Guerilla Survival

Guerilla Survival

Thursday 12 November 2020


The first step in fire-lighting is to collect Tinder, Kindling and Logs of various sizes before attempting to light a fire. These should be stacked up ready for use. Try to get the driest materials available. 

Hint - Where possible collect tinder when the weather has been dry for a while, or collect and dry yourself. Take some of this in a Tinder-Pouch with you so that it is ready for use; it should be dry enough to take a spark that will light immediately. 


Tinder - 

  • Very thin slivers of Birch Bark.
  • Old Man's Beard.
  • Rosebay Willow Herb seeds (at top of plant).
  • Thistle (not quite so reliable and takes more of a spark).

Kindling - When it is wet try slicing slivers of wood from small sticks; birch, pine and fir are good to start with.

Logs - Softwoods burn quickly and hardwoods fast; ash burns both green and seasoned. Sweet Chestnut is good.

Place the tinder - here birch bark and dry bracken - on small sticks which keeps the fire off wet ground, and also allows air to circulate around making for a quicker and more powerful fire.

Here I have 'cheated' by using a fire-lighter and cotton wool (make sure you use the flammable stuff because some does not light with a spark). Birch Bark is also used because it lights even when wet. This fire was lit in the snow some years ago, when we had more snow here.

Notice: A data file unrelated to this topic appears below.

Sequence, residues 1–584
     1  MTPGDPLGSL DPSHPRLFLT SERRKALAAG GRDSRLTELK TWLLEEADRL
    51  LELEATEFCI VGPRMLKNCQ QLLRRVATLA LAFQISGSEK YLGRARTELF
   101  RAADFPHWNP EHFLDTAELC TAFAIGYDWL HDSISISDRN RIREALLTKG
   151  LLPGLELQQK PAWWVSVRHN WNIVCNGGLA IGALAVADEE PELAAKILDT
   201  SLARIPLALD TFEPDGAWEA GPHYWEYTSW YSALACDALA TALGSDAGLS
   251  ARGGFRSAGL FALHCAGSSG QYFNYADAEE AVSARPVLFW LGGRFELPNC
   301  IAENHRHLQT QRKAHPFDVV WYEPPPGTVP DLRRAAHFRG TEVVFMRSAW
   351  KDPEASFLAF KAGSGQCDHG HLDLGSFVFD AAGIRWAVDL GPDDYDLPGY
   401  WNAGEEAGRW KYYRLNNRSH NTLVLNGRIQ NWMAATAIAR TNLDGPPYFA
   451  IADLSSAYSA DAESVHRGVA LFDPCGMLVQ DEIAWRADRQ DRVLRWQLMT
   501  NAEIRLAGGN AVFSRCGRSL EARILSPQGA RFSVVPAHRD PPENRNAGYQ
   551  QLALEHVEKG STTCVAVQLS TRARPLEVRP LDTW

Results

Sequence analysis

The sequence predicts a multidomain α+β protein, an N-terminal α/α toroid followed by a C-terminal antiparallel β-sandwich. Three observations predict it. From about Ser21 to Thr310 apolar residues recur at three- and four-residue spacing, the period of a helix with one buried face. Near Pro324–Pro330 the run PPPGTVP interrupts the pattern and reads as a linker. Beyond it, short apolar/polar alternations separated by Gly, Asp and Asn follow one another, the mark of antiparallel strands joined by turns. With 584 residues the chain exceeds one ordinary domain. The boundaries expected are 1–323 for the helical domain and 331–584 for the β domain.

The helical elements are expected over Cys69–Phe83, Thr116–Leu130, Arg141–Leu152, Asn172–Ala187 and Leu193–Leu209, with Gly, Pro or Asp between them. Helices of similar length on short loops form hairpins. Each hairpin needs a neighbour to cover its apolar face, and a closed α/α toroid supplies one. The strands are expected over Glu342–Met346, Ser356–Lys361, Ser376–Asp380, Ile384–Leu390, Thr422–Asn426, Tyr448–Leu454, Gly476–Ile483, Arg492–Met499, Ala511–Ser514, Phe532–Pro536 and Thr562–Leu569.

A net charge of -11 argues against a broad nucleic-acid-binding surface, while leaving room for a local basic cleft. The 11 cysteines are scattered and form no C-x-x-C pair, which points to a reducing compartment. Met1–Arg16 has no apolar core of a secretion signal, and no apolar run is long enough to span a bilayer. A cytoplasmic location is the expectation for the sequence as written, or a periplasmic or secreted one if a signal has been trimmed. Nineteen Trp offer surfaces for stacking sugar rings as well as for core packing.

I have used a wigwam-fire because this burns very quickly at the start; then place the logs across each other, making a stack with logs one way, then the other way. This keeps burning longer and is good for cooking over.

Two metal rods were found in the woodlands and used over two large logs placed far enough apart not to burn. A mess tin cooked baked beans, whilst sausages were cooked on a metal grid. A fishing-shelter was used as a quick shelter from the weather. 

A fire wind-brake can be made with logs stacked one upon the other; he we used upright stakes tied together at the top. There are varying opinions as to whether a wind-brake does create better heat reflected from it, but it does stop the wind blowing the smoke into a shelter nevertheless. One tip is to carry an emergency blanket (foil) and drape this over the wind-brake, which does reflect heat due to the material. 

Logs placed one way, then the other, create a fire where air can circulate easily and burns quickly. This can be used for cooking or for warming oneself, placing bigger logs on the top if you are using the fire for a long time. You can also dig a pit into which the fire is placed and lit; when done with it is easy to fill with water to put the fire out completely, and to re-cover with soil. 

This is how I prepare the tinder, kindling and the smaller sticks, stacking them in order of use. The best stuff to collect is that which has broken off and lies in tree-branches, or branches that are well off the ground, breaking off any pieces that have touched wet ground. This dry stuff was collected in the snow.

Hint - In the snow never light a fire under a conifer tree! Did this once many years ago and the snow melts from the branches of the tree and falls on anyone underneath as water. 

A Fire-Bow if you feel very energetic and have plenty of time on hand; this is why matches were invented. It does work and would say that it is a good idea to try it out a few times in case it is ever needed in an emergency. But for everyday use I use a Knife and Steel-Striker which is quick and effective, and unlike matches does not get wet and of no use. Lighters are alright but run out: I have never found petrol-lighters to be very good, even using Zippo which is a good make from the USA. They soon run dry but are useful if you did have nothing since they will use petrol which should be found somewhere in small quantities even in an emergency situation.